Service Chains – Proof Projects

This blog is part of a series on Service Chains.  To read the first blog in the series, click here .

Moving through the steps of a Service ChainSM, after the Entry Project comes the Proof Project.  The Proof Project is the step in a Service ChainSM designed to provide proof of concept and/or clarity of the path forward – ideally both.  Generally, it follows an Entry Project and precedes an Implement or “Fix It” Project.

Proof Projects provide buyers with the information they need to feel confident to take action, such as demonstrating the process, proving the economic model or benefit, and/or defining a clear and detailed path forward.  Generally, they deal with the buyer’s question of “how to act” – demonstrating your expertise and value proposition – and position you as the obvious choice for “with whom” to act.”

Proof Project typically accomplish some or all of the following:

  • Provide a base line from which to quantify business benefits
  • Identify specific opportunities for improvement
  • Demonstrate what the solution would look like (the level of detail required depends on the situation)
  • Identify and address potential implementation risks for both buyer and you
  • Provide a clear economic case to realize the opportunity (i.e. the Idea)
  • Lay out a clear implementation plan
  • Build stakeholder advocacy for solving the problem (i.e. the Idea)
  • Provide the decision maker with everything they need to justify his/her decision within the buying organization

Compared to Entry Projects, Proof Project fees are higher, and the project duration is longer.

Example Proof Projects include:

  • Situational assessment, pilot
  • Solution architecture
  • “Small fix” in an area identified in the Entry Project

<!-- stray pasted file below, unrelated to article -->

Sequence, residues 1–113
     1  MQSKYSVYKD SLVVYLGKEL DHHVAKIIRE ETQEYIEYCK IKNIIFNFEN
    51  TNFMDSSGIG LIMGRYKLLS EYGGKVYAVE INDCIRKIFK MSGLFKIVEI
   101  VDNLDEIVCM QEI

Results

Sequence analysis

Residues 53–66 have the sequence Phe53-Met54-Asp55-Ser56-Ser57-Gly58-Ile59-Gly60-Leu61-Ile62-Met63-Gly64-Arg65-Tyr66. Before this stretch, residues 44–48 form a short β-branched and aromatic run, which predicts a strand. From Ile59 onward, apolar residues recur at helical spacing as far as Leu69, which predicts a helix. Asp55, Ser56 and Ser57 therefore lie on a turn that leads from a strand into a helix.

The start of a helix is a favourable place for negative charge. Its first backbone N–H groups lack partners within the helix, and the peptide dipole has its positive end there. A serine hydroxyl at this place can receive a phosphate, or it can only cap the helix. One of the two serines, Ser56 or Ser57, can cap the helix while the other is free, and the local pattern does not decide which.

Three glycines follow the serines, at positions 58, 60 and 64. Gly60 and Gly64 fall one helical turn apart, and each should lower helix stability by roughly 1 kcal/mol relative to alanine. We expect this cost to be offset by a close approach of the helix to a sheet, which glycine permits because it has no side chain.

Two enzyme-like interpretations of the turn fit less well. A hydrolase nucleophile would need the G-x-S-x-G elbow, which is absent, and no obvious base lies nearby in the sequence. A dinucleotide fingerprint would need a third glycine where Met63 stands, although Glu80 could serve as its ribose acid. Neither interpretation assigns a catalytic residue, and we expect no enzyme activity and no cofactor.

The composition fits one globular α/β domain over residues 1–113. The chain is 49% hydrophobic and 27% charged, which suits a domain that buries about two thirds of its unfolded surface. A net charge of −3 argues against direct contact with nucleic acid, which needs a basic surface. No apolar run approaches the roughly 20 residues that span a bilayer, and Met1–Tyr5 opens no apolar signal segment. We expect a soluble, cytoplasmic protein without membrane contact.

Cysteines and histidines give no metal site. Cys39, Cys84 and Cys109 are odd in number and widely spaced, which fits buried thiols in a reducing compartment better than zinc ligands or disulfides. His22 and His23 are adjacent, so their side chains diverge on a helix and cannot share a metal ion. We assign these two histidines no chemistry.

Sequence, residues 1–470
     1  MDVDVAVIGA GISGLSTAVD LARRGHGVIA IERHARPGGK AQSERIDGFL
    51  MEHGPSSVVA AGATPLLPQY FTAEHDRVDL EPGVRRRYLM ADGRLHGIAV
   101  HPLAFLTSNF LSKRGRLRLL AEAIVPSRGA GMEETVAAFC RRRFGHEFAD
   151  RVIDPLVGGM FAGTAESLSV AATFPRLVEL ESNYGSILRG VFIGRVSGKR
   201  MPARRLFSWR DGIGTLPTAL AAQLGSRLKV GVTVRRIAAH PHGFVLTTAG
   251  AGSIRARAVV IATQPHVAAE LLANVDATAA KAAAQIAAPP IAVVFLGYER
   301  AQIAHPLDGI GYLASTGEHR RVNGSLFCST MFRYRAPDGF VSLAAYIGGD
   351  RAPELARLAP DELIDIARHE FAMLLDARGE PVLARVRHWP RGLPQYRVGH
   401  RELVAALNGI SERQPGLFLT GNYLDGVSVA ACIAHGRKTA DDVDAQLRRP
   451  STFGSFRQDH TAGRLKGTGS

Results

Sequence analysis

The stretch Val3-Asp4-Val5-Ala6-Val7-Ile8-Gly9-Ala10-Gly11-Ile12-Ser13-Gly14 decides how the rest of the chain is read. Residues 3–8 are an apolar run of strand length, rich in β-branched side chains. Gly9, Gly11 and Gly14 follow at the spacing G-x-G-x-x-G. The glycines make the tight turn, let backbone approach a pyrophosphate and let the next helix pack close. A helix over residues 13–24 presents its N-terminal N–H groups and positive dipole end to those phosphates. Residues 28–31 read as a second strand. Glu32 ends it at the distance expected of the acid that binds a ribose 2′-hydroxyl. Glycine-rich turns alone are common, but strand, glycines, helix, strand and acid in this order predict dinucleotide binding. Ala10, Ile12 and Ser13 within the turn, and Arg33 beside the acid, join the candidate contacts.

• Business case for action
  • Road map for action

Some critical success factors include:

  • Fees commensurate with the value received by the client in relation to the full value proposition of the complete Service ChainSM or solution
  • Participation from key stakeholders for future purchase decisions and/or implementation considerations.  This objective should be explicitly planned for and effective use of the Steering Committee can accomplish this goal
  • Expanding participation to other influencers within the organization to build rapport and credibility
  • Deliverables that make the next steps (i.e., Implement Project or Phase) self-evident and create momentum for action

Let’s close with some of the pitfalls, obstacles, and challenges:

  • Failing to match the size, scope, or cost to the trust, credibility, and value achieved, and thus, to the buyer’s mindset
  • Failure to have implicit, logical connections or linkages to the next project in the Service ChainSM
  • Losing focus on the entire vision and future state, by focusing on the “proof” as a stand-alone proposition

To read the next blog in this series, click here.

Written by: Doug Long

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About the Author: Doug Long is a Partner with McMann & Ransford and has more than 26 years of experience in consulting across various industries, topics, and client challenges. Prior firms include Deloitte and GE. He currently leads our Healthcare Practice.



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